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OpenSolaris SSH: Only Allow Public-Key Authentication


The problem

If you allow users to log into sensitive servers by providing passwords, you are tempting fate. Users and Passwords are a notoriously bad combination: passwords are weak and/or reused for several purposes. Exposing user passwords over SSH is not quite like leaving the key under the doormat, but I think it is a bad idea anyway.

Public key authentication and SSH are a perfect team: it provides a kind of two-factor authentication (assuming that the users keyfile is encrypted with a strong password) is trivial to set up.


The default installation of OpenSSH allows plain password logins, (non public key) challenge response authentication and sometimes GSSApi (Kerberos) authentication. The best way to find out if your system is ,,vulnerable’’ is to ssh into it with the -v flag set:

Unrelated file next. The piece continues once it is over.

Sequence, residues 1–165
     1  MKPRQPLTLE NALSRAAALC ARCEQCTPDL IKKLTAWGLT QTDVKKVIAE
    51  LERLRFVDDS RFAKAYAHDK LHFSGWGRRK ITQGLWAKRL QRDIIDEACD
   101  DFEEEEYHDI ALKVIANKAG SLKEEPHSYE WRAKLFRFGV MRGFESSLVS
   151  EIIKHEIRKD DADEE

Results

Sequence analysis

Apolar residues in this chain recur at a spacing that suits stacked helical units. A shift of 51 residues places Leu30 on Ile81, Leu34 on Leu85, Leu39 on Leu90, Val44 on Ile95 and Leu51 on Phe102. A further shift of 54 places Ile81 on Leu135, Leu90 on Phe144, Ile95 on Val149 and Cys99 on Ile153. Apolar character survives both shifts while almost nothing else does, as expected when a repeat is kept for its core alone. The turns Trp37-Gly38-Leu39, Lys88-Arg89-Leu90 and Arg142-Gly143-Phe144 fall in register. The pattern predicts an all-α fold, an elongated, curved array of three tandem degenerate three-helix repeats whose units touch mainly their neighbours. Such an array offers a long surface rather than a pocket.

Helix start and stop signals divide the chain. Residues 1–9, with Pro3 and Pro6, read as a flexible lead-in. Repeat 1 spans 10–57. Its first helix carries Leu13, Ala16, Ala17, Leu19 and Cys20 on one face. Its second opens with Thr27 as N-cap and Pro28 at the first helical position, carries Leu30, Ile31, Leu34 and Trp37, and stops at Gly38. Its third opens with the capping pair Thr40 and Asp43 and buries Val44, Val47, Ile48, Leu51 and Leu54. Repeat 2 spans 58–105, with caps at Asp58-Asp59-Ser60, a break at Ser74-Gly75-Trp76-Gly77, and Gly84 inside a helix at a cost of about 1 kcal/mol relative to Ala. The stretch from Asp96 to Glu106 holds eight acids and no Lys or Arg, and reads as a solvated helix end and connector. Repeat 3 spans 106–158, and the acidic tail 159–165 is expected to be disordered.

# ssh -v host
debug1: Authentications that can continue: gssapi-keyex,gssapi-with-mic,publickey,password,keyboard-interactive

In my case I want to get rid of all of them except publickey.


Edit /etc/ssh/sshd_config and make sure that the following options are set:

# Ensure secure permissions on users .ssh directory.
StrictModes yes
# ...
PasswordAuthentication no
ChallengeResponseAuthentication no
# Solaris 11 does no longer respect ChallengeResponseAuthentication. Use KbdInteractiveAuthentication instead
KbdInteractiveAuthentication no
GSSAPIAuthentication no
PubkeyAuthentication yes
# ...

Save the file, restart sshd (svcadm restart ssh) and test.